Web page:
Lily May Humphreys has to wait another year to turn professional but bounces back in front of the Sky cameras in Rose Ladies Series event alongside Bronte Law
The impact of Covid-19 has put paid to Lily May Humphreys’ target of turning professional in 2021 – but she did not let that disappointment affect her game as she swung back into action in fine style.
After a three-and-a-half month competition hitatus, the Stoke-by-Nayland Golf Club starlet shone in front of the Sky cameras to finish in a tie for fourth place at the third Rose Ladies Series event.
The 18-year-old Great Cornard-based player was one of three amateur invites for the behind-closed-doors event at Buckinghamshire Golf Club at the end of last week.
Sponsored by former world number one Justin Rose and his wife Kate, the seven-series event was devised to give British professional women’s players a competitive platform while the Ladies European Tour (LET) remains suspended.
Humphreys, who won the Welsh and Irish amateur events in 2019, bounced back from the disappointment the recent cancellation of LPGA and LET qualifying school events with a terrific one-under par round of 71 on Thursday.
And now the England Women’s player is seeing the positives of another year on the amateur circuit.
“I was disappointed at first but now I’m happy to have another year to play the amateur team events that I’ve missed this year,” she said.
This includes her invite to the Augusta National Women’s Women which is being held over to next April as well as the Curtis Cup at Conwy in Wales in September 2021.
“A good thing that has come out of this is the Rose Ladies Series which has been an amazing success,” she added.
“I’ve been lucky enough to play in one and hopefully will get a chance to play in another.”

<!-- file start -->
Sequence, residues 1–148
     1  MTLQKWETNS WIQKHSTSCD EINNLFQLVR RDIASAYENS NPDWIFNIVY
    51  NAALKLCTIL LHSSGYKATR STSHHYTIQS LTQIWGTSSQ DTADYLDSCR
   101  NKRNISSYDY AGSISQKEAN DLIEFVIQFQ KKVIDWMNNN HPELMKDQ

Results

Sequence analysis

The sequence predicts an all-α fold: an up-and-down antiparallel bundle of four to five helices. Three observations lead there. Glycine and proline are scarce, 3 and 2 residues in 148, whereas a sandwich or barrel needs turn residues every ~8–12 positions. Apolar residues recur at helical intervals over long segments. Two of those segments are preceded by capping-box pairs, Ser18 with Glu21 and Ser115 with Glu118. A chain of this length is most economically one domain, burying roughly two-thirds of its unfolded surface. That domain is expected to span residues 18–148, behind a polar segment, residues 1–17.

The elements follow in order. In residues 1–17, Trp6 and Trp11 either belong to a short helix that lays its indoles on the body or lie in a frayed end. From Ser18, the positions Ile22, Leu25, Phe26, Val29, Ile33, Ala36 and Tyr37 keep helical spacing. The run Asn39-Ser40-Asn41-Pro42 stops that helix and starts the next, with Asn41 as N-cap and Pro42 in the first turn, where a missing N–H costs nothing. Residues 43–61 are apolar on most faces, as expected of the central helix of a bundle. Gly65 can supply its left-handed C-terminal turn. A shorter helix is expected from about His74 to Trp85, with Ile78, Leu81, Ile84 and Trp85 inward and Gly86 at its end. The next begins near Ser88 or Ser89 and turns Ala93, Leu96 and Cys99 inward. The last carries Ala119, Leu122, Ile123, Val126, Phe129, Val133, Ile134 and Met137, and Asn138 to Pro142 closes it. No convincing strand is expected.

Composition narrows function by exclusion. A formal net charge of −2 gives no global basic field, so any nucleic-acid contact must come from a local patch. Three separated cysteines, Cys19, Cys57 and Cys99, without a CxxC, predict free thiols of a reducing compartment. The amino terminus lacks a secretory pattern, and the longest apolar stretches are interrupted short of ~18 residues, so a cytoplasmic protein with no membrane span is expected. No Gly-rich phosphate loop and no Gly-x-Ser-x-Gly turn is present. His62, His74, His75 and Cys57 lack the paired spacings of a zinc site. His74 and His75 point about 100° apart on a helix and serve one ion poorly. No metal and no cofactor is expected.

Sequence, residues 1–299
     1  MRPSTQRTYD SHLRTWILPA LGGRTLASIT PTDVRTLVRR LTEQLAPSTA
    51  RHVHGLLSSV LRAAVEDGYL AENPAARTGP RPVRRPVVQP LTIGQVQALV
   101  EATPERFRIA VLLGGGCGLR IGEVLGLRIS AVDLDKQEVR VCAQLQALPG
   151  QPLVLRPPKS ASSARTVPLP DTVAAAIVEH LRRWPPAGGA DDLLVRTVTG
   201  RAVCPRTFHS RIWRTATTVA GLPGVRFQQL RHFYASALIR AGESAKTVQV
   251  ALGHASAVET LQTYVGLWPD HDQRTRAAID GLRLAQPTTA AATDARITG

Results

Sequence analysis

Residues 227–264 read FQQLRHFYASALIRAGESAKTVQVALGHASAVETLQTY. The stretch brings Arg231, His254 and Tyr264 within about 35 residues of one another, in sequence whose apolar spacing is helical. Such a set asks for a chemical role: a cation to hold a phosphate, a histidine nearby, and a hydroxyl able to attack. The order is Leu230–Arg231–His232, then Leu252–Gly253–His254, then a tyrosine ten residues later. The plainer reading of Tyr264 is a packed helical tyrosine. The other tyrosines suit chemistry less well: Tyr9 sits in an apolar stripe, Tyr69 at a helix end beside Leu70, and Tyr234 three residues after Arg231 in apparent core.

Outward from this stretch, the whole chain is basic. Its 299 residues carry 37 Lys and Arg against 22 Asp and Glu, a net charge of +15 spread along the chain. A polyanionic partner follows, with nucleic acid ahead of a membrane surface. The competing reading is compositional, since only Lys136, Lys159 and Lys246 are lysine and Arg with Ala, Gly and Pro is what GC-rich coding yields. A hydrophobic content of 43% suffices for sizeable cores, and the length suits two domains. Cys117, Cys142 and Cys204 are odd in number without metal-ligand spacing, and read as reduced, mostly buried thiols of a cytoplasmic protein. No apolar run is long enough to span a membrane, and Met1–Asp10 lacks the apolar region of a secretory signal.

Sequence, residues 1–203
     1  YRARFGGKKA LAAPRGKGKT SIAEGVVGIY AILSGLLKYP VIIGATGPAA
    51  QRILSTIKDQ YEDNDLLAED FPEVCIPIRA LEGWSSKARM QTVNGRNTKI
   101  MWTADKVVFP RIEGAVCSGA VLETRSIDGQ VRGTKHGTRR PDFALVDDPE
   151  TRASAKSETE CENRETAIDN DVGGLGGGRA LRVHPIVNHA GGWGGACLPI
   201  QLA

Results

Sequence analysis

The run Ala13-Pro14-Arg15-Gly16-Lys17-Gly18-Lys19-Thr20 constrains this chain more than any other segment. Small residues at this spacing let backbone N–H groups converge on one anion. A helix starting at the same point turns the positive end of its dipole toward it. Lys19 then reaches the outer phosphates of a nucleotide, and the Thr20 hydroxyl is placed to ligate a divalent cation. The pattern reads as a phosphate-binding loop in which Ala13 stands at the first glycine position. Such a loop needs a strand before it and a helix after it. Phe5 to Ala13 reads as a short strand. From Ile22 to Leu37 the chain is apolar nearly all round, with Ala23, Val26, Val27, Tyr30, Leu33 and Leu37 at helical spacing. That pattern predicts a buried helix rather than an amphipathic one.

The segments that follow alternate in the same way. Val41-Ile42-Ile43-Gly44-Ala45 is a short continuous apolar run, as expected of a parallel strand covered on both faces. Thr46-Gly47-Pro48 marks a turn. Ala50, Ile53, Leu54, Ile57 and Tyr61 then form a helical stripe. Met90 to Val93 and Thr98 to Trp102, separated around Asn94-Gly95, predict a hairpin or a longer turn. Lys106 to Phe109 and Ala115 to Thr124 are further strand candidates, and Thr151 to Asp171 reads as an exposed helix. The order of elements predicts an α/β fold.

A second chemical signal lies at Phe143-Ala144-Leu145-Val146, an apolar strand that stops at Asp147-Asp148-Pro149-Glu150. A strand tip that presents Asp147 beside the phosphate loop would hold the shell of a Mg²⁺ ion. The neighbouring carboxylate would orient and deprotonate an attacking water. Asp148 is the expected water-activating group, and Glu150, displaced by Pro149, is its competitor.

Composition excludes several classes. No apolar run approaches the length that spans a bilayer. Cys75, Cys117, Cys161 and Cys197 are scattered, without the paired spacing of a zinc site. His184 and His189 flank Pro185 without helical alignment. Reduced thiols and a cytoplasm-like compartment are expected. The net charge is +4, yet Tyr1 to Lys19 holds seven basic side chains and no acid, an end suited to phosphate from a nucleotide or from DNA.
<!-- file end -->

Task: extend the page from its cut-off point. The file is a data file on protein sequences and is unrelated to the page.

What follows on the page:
Humphreys said she learnt a lot from getting the chance to witness the methods and mentality of Solheim Cup star and LET player Bronte Law, who was in her playing group, last week.
“I was a bit nervous on the first tee,” confessed Humphreys.
“I didn’t know where the ball was going to go and just thought to myself ‘Don’t put it in the water’ – especially playing with Bronte!
“My drive was fine – and although I got a bit of a dodgy par on the first hole, which is a straightforward par five, I was able to calm my nerves.
“It was a great experience to play with Bronte. She put me at ease and chatted a little bit about her plans for the season.
“It was great for me to see her play and even if she didn’t score as well as she’d have wanted, I could see how tough her mentality is.
“I could clearly see that she was still trying on every single shot and determined – even if it wasn’t going to be her day – to shoot the best score she could.
“I could see how she reacted to certain situations and it made me think about aspects of the game differently.
“I don’t get the opportunity to see much of the girls playing on TV so to be invited to the Rose Series and to get this chance to play with Bronte was amazing.
“I was very pleased with how I played and while I’m a bit disappointed that I couldn’t get one or two more birdies and at least make a play-off it doesn’t take away from the day.”
And there was memorable experience at the end of this week as she got set to play alongside Dame Laura Davies in the Pro Clutch Tour’s The Open Access Masters at Sunningdale Heath.
It continued her preparations ahead of the The English Women’s Amateur Championship at Woodhall Spa, in Lincolnshire, from July 28 to August 1. Both the men’s and women’s events will be held together this year.
More by this authorRussell Claydon
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